46. Despite the new era of cooperation and conciliation between East and West, there were no grounds for optimism. Poverty, unemployment, illiteracy, lack of health care and proper education still prevailed in many developing countries. The burden of foreign debt and its servicing had increased; and environmental problems, crime, drug abuse and illicit trafficking were still matters of serious concern.
47. She was concerned that the interim report on the world social situation (A/46/56-E/1991/6) did not fully reflect the guidelines set by the General Assembly and the Economic and Social Council. For example, the analysis of the main indicators of social progress and standards of living had been far more comprehensive in respect of certain countries, particularly those in transition from a centrally-planned to a market economy.
48. In selecting issues and trends, the report had focused on two main aspects: institutional changes and social services. In the case of the former, her delegation considered that the scope was somewhat limited. While the changes in the Soviet Union and the Eastern Eurepean countries had been profound and merited examination and evaluation, there had been radical political and economic changes in the developing countries, too, which called for more detailed analysis. In Latin America, for example, countries were moving towards an open economy, dismantling tariff barriers and embarking on privatization.
49. The report also failed to link the questions of the environment, drug abuse, illicit trafficking, and disarmament with current economic and social conditions. She hoped that the next report would bring out the link more clearly. Drug abuse was not exclusively a problem of health and crime prevention. It was a global problem with different manifestations and required integral, multidisciplinary treatment. As for the environment, the report should have been more explicit on the interrelationship between environmental degradation and poverty.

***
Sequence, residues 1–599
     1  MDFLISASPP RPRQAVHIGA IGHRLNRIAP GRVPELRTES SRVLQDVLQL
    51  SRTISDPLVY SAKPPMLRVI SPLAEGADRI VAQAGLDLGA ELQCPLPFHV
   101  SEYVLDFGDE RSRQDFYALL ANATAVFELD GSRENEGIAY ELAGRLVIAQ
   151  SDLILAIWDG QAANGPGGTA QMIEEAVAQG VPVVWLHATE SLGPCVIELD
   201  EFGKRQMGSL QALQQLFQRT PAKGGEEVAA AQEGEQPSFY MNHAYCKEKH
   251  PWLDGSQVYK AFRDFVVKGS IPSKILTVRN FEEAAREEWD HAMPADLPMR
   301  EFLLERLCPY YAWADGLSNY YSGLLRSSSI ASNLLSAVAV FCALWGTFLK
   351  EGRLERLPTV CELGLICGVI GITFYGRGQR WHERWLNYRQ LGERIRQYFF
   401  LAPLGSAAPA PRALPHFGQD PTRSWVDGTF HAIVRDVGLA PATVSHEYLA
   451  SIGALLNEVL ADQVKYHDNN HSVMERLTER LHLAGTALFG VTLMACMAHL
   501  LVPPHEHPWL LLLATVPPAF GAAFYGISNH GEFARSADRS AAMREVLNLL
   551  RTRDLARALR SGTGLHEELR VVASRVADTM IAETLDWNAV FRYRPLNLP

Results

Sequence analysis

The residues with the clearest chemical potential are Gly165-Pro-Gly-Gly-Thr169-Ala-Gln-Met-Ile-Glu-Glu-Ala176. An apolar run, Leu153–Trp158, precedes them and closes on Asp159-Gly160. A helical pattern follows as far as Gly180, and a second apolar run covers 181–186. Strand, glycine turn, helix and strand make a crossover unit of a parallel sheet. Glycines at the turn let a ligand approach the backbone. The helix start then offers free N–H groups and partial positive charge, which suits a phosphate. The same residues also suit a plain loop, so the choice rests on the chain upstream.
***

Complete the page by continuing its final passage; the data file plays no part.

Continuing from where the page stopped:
50. Although the Gull War had temporarily diverted attention, the "peace dividend" had not disappeared. Its full realization depended on progress

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(MISS. Botero Colombia)
towards a viable peace and a world in which disputes between nations were not settled by army and where armed forces were reduced to the minimum. In that connection she stressed the importance of the chapters on the role of government and on expenditure on social services.
51. Lastly, she felt that the end notes to the report were somewhat haphazard, for example, there were many references to private or media sources, but hardly any to reports of specialized agencies.
52. With regard to the future, the 1993 Report, on the World Social Situation should have the objective, realistic, balanced and global approach needed for an effective analysis of the world social situation and should fully reflect the international economic and social trends and the situation of the developing countries. It would be useful to have an opening chapter giving a global view of social problems in the context of economic conditions. Items 10 and 14 of the draft framework, on social change in the global context and on new challenges to social security policies respectively, could be considered as introductory chapters to the report, and be followed by an analysis of world social parameters and issues such as the environment, drugs and communication. Such reports would help towards effective measures for solving problems. In that connection, Economic and Social Council decision 1991/230 on the possibility of convening a world summit for social development was extremely important and she urged the Secretary-General to continue his consultations.
53. Mr. RAVEN (United Kingdom) said that earlier in the session he had raised
the question of the Secretary-General's report on enhancement of the United
Nations structure for drug abuse control (A/46/480), as requested in General
Assembly resolution 45/179, and had asked for it to be issued in good time for
consideration by Member States before the debate on item 96 (Narcotic drugs).
The report had not yet been issued but the debate was due to start on
30 October. His delegation accordingly wished, through the Chairman, to request the Secretariat to inform the Committee at the next meeting of the status of the report.
54. The CHAIRMAN replied that he had communicated with the President of the
General Assembly and that the Secretariat had assured him that the report
would be issued on 29 October. He was still waiting for information on the
other documents.
The meeting rose at 5.10 p.m.